The Seahawk defense looks a lot better with Lofa Tatupu in the lineup, and Mansfield Wrotto didn’t seem to be the main reason the Seahawk offense was so bad, but the Seahawks got a good idea of where they stand after a 24-13 loss to Brett Favre and the Minnesota Vikings.
The defense gave up some big plays against Favre, but Seattle made some big plays of its own—including an 86-yard interception return for a touchdown by rookie safety Earl Thomas and a goal-line stand.
In his first game since a torn pectoral muscle ended his 2009 season after only five games and a hamstring injury cost him most of this preseason, Tatupu made an impact— even if his plays didn’t always count.
On the second drive, he tipped a pass the Hawks should have picked off (Thomas dropped it). Later, Tatupu blitzed Favre and caused a fumble on the sack (the Vikes recovered), but that play was offset by an illegal contact penalty against Will Herring.
The defense gave up some big pass plays and let Favre convert half his third downs, but Tatupu was a big reason they still managed to hassle Favre and stifle the running game on most plays.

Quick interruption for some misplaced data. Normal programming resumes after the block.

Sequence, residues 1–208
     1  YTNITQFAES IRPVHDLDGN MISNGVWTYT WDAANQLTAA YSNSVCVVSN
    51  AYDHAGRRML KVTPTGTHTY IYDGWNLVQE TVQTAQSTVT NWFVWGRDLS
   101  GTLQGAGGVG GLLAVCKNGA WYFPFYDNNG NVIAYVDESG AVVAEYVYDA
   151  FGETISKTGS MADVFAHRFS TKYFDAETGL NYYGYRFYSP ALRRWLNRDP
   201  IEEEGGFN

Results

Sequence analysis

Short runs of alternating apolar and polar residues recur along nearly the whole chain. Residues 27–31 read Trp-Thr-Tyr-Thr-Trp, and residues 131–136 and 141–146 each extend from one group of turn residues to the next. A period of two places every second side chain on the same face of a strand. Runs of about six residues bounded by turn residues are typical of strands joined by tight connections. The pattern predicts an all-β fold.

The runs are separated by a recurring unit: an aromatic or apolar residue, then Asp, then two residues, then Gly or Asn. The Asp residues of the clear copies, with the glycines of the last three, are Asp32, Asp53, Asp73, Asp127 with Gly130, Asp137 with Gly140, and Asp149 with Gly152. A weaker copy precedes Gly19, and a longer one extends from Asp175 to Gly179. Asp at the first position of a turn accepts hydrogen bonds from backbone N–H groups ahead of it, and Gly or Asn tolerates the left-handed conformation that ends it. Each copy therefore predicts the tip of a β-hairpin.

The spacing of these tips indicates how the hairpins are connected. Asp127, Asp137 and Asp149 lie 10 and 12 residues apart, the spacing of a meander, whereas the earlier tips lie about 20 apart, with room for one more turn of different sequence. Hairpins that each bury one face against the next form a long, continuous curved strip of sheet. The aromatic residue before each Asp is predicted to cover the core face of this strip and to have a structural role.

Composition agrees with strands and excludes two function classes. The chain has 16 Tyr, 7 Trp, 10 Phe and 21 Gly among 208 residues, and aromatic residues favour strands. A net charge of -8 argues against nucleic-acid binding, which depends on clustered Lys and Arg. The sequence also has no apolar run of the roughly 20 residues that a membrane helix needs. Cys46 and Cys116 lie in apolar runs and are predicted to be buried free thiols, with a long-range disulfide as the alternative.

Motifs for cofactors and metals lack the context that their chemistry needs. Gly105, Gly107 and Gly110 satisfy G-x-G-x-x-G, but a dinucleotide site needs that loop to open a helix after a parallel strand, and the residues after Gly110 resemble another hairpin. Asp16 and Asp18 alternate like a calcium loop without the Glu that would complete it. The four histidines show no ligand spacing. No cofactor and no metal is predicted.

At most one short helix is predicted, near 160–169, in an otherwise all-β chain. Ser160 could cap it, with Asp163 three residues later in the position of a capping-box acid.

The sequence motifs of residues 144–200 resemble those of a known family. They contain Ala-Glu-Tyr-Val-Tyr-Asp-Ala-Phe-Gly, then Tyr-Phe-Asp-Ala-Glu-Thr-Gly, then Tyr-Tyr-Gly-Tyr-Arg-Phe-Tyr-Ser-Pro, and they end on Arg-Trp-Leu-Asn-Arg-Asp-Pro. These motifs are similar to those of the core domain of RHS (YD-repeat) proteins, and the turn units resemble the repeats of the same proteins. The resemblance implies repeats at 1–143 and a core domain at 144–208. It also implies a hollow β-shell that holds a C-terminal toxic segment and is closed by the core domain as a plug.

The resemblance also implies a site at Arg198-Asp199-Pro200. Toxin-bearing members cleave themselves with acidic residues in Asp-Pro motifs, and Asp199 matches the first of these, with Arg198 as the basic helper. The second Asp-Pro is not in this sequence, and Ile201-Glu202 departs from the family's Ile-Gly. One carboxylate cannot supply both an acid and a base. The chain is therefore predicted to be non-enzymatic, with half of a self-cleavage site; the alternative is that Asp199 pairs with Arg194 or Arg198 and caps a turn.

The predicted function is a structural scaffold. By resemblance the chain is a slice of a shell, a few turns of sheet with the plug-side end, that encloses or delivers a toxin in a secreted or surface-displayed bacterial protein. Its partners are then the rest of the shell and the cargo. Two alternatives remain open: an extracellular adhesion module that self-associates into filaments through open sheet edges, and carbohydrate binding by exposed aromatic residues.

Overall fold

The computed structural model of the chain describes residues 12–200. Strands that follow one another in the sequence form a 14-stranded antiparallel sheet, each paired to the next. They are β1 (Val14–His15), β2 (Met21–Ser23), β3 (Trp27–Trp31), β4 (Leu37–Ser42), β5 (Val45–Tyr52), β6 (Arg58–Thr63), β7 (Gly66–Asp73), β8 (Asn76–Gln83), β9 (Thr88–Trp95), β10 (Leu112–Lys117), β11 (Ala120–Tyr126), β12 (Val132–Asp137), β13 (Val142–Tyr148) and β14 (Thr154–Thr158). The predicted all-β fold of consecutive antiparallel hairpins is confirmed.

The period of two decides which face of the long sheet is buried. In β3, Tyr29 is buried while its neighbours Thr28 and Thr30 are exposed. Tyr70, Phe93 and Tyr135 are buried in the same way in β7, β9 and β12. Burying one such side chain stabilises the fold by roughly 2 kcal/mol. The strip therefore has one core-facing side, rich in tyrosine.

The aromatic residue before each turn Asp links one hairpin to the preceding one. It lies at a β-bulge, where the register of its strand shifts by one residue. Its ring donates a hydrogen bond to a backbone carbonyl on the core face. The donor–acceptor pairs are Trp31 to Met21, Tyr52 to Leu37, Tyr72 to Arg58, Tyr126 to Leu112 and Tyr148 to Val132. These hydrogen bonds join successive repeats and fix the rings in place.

“He’s the quarterback on the defense,” cornerback Marcus Trufant said in a TV interview. “He gets everybody in the right spot, and it’s good to have him back.”
It looks like the defense could be a big-play unit—both giving them up and getting them. They gave up a 34-yard pass on the first play, plus a 22-yarder on the second drive and a 29-yard screen play to Adrian Peterson on the third drive.
But Thomas, the first-round rookie, made up for the pick he dropped by grabbing one on the third drive. Josh Wilson knocked the ball out of Bernard Berrian’s hands, and Thomas caught it and flew 86 yards down the field for the Seahawks’ only touchdown.
Thomas also showed he can hit, laying some hefty lumber on Percy Harvin in the third quarter and dislodging the ball for an incompletion.
Trufant added an interception, too, continuing to show he is poised for a Pro Bowl season.
But, big plays aside, the Hawks too often couldn’t get off the field on third down. One notable exception occurred when they were backed up against their end zone and the Vikings ran it four straight times inside the 6-yard line. Seattle stopped them on fourth and goal at the 2. Tatupu made two tackles in the four-play stretch.
Other than a 24-yard touchdown run by Peterson, the Hawks did well against the run and look like they could be stout there, with Brandon Mebane, Colin Cole, Kevin Vickerson and Red Bryant up front. Despite that 24-yard run, the Hawks held Peterson to 37 yards on 11 attempts.